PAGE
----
Quebec, utilities in Vt. renew their deal
Current contracts expire in 2012
MONTPELIER — Two Vermont utilities signed an agreement yesterday on a 26-year deal to buy power from the Canadian provincial utility Hydro-Quebec, replacing contracts that expire beginning in 2012.
The deal is among Green Mountain Power Corp.,
Under a “memorandum of understanding’’ signed yesterday, the Vermont utilities would buy up to 225 megawatts and use a “price-smoothing mechanism’’ that would shield customers from market price spikes during the length of the deal.
In addition, the utility companies said they would press state lawmakers to enact legislation designating large hydroelectric power sources, including Hydro-Quebec power, as renewable energy, with any resulting credits shared by the three companies.
But the deal does not hinge on this designation.
The contract would take effect in 2012 and run through 2038. The current Vermont-Hydro-Quebec contract was signed Dec. 4, 1987. It expires in 2016.
“This new contract will provide stable, clean, renewable power at a competitive price through 2038,’’ said Governor Jim Douglas, who announced the agreement alongside Premier Jean Charest of Quebec at a press conference in Quebec City.
Under a bill before Vermont lawmakers, electricity from large Quebec dams would qualify as sources of renewable energy.
Bob Young, the president of Central Vermont Public Service Corp., and Mary Powell, his counterpart at Green Mountain Power, hailed the agreement.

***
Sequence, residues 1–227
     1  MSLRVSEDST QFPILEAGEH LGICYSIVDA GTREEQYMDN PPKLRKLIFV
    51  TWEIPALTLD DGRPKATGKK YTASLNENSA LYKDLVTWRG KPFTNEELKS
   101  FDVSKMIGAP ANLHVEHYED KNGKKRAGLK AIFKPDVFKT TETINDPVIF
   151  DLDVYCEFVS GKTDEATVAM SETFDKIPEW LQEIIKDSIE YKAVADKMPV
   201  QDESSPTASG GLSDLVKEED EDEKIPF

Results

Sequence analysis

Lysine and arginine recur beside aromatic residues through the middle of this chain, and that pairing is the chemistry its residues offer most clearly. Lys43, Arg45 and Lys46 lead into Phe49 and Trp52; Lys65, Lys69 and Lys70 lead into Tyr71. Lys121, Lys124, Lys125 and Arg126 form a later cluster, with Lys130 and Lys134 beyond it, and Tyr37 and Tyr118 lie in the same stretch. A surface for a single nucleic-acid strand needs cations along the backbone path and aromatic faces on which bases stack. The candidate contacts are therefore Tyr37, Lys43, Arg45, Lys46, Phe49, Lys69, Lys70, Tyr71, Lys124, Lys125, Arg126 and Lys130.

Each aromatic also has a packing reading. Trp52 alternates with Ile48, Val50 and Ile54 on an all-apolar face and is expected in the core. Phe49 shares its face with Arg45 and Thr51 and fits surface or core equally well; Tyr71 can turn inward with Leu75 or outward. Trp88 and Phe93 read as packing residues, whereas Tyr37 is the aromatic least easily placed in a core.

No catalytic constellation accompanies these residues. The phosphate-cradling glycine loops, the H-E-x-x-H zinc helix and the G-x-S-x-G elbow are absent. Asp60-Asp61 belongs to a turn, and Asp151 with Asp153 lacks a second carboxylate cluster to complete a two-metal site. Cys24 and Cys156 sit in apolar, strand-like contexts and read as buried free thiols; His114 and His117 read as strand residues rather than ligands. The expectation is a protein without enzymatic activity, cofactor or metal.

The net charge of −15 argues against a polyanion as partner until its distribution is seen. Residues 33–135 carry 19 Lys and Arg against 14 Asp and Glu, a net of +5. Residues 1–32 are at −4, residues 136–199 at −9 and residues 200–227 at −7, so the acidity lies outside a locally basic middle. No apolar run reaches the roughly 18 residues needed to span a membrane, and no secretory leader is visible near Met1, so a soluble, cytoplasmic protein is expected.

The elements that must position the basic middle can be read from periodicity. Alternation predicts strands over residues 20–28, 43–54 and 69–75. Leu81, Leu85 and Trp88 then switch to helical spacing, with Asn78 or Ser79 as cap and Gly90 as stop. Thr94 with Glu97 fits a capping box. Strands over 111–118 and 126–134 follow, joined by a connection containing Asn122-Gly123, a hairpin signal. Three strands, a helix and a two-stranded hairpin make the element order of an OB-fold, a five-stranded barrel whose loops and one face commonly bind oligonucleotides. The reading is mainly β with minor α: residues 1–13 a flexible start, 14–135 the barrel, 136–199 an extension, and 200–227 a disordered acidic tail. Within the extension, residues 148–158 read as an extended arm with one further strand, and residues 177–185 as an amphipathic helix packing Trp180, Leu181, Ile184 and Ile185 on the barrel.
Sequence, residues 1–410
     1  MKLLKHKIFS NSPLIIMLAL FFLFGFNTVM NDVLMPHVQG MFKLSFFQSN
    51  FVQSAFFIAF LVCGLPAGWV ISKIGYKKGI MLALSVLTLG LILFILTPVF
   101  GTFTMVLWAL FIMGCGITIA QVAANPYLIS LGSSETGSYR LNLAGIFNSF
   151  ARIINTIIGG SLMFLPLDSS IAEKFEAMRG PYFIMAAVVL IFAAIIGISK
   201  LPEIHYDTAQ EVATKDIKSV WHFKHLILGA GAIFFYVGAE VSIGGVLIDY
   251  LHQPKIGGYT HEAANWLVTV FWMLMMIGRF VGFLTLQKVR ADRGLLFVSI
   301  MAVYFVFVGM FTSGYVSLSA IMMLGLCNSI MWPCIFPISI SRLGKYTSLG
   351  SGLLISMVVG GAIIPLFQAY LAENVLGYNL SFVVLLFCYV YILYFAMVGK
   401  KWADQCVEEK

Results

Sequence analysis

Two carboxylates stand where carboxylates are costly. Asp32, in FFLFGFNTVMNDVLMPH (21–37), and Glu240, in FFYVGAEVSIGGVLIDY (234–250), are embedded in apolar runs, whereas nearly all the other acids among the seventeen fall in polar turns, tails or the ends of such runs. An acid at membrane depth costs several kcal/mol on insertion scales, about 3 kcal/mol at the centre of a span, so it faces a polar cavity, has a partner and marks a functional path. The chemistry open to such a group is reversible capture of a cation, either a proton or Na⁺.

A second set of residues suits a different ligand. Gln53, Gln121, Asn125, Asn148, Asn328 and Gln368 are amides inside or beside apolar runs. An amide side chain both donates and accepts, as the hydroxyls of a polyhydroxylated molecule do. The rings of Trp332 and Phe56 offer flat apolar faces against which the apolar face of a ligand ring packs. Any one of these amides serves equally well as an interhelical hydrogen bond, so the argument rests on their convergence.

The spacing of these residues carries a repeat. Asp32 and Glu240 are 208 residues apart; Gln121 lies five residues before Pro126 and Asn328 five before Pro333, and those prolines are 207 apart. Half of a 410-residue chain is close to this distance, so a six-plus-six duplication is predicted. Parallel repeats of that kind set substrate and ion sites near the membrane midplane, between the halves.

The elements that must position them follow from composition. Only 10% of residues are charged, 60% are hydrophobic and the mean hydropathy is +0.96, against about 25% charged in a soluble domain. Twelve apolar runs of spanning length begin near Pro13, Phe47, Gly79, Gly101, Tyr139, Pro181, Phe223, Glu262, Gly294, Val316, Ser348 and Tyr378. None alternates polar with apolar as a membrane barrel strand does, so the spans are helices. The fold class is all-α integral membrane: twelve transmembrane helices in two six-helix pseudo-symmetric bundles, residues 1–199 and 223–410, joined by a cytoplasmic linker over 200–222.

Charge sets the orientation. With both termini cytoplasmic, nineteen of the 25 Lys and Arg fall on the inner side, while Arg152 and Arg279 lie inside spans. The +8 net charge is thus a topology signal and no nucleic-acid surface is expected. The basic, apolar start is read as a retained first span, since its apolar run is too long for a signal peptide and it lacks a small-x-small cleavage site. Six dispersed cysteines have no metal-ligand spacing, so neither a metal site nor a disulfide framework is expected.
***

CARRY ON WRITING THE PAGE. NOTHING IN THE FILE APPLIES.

“This agreement sets the stage for a new contract that will help us maintain what is arguably the cleanest power supply in the nation, while ensuring a relatively stable and affordable future for our customers,’’ they said in a joint news release.
“It continues a relationship that has helped us provide competitive rates in the Northeast, with minimal air and greenhouse impacts,’’ they said. “This is an enormous step forward as we continue to plan Vermont’s energy future,’’
The Vermont utilities have been negotiating with Hydro-Quebec for more than a year, but the issue has gained urgency in light of recent developments at Vermont Yankee nuclear power plant.
The plant, which reported a leak of radioactive tritium Jan. 7 that has yet to be stopped, is scheduled to close when its license expires in 2012, although owner
The state Senate voted Feb. 24 to close the plant in 2012, but that vote is not binding by itself.
“It’s encouraging that our utilities are moving forward with power planning after 2012,’’ said James Moore, clean energy advocate for the Vermont Public Interest Research Group. “It’s clear that there are affordable options to Vermont Yankee, and apparently Hydro-Quebec is likely one of them.’’
Under the memorandum, the three companies have until June 30 to agree on “material terms’’ and to execute it by July 31.